Using Northern Blot analyses, Bejo Zaden was able to detect mRNA from bar and kanr genes in leaf head and root samples, but was unable to detect mRNA from the barnase gene in heterologous vegetative and floral organ systems. Bejo Zaden considered their inability to detect mRNA transcripts from the barnase gene consistent with the restrictive promoter used for expression of the barnase gene which restricts expression to one region (tapetum cells of the pollen sac) during a short period of development (during anther development). Using enzymatic activity assays of two to four samples, Bejo Zaden determined the protein expression levels of the PAT protein and APH(3') II protein in the heads and leaves of Radicchio. The average expression levels for the PAT protein are 0.04% of the total protein for line RM3-3, 0.06% in line RM3-4 and 0.065% in line RM3-6 for samples from the head and 0.63% for line RM3-3, 0.45% in line RM3-4 and 0.61% in line RM3-6 for samples from the leaves. The average expression levels for the APH(3') II protein are 0.022% of the total protein in line RM3-3, 0.018% in line RM3-4 and 0.021% in line RM3-6 for samples from the head and 0.005% in line RM3-3, 0.005% in line RM3-4, and 0.015% in line RM3-6 for samples from the leaves.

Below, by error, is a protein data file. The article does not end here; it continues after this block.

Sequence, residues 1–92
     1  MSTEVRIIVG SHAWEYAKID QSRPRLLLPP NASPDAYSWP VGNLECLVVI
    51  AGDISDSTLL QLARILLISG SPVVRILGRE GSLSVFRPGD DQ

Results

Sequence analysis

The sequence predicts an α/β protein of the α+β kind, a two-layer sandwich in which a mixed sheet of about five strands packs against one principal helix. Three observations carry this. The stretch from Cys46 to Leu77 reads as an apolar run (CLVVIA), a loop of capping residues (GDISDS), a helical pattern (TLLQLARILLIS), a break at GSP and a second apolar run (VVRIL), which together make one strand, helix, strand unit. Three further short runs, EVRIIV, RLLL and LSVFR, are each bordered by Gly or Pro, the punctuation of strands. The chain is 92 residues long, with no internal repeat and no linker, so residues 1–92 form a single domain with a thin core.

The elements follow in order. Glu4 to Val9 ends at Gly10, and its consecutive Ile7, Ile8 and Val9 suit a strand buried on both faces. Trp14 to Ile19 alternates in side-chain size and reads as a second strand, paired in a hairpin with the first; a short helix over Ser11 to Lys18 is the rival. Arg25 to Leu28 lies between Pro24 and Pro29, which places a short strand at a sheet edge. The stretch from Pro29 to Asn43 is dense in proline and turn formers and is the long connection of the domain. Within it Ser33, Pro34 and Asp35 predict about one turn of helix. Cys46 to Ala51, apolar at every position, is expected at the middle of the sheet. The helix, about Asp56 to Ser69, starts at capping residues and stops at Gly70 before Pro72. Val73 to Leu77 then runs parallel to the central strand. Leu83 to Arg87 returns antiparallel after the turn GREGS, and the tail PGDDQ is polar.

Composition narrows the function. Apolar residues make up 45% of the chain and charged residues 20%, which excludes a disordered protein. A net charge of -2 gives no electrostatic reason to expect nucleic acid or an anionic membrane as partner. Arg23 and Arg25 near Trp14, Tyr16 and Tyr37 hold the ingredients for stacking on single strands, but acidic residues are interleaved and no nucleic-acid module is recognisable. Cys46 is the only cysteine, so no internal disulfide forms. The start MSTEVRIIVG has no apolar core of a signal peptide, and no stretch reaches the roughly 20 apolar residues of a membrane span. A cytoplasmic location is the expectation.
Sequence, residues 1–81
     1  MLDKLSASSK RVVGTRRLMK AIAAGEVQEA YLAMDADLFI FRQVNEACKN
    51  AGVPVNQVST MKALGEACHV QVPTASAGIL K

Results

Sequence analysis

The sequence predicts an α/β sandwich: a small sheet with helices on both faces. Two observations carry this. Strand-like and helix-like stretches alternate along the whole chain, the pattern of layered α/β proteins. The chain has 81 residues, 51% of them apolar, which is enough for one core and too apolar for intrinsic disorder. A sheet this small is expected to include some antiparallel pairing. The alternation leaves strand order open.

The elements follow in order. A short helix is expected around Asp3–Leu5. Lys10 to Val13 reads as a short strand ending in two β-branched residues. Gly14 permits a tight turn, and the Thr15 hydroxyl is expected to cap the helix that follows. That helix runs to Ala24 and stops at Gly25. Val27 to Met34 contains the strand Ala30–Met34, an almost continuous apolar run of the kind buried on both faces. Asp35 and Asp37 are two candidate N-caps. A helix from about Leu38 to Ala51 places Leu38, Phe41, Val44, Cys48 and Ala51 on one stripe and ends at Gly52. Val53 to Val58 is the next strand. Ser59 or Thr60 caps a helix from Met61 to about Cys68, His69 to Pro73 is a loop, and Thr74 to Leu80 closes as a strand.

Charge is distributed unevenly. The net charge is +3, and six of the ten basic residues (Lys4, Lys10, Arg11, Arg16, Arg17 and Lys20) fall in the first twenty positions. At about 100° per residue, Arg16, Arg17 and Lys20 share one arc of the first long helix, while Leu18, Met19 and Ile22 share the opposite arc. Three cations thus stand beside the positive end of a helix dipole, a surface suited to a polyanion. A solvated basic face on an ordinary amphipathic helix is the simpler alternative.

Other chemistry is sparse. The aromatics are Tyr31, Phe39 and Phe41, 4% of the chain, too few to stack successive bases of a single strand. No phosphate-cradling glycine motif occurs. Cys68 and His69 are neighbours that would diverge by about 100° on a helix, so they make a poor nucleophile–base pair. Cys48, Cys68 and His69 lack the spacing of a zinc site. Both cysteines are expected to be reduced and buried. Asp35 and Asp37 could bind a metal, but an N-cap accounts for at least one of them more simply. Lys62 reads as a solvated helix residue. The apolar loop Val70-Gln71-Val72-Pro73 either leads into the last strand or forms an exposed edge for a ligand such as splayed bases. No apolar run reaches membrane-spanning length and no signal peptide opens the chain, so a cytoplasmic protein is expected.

Allergenic and Toxic Potential

No endogenous toxicants of Radicchio were reported by Bejo Zaden. For barnase, APH(3') II and PAT, Bejo Zaden conducted a protein sequence search for homology to other polypeptides in the WAA7, PIR42 and Swiss-Prot30 databases. Bejo Zaden reports that no significant homology to known allergens was observed. The PAT protein showed no homology with known toxic peptides. Furthermore, the PAT protein is rapidly degraded in simulated gastric fluid (SGF).

Protein could not be detected upon immediate sampling of the reaction mixture using standard SGF. Bejo Zaden referenced published literature which document the finding that allergenic food proteins are typically resistant to proteolytic degradation. Bejo Zaden referenced a published report entitled "Safety assessment of the bacterium-derived recombinant phosphinothricin acetyltransferase (PAT) protein" by the State Institute for Quality Control of Agricultural Products (RIKILT-DLO) in Wageningen, The Netherlands (Ref 1). The authors of this report conclude that experimental evidence has demonstrated that the PAT protein does not have characteristics similar to allergenic proteins such as heat or proteolytic stability, high concentrations in food or homology to known food allergens or toxins.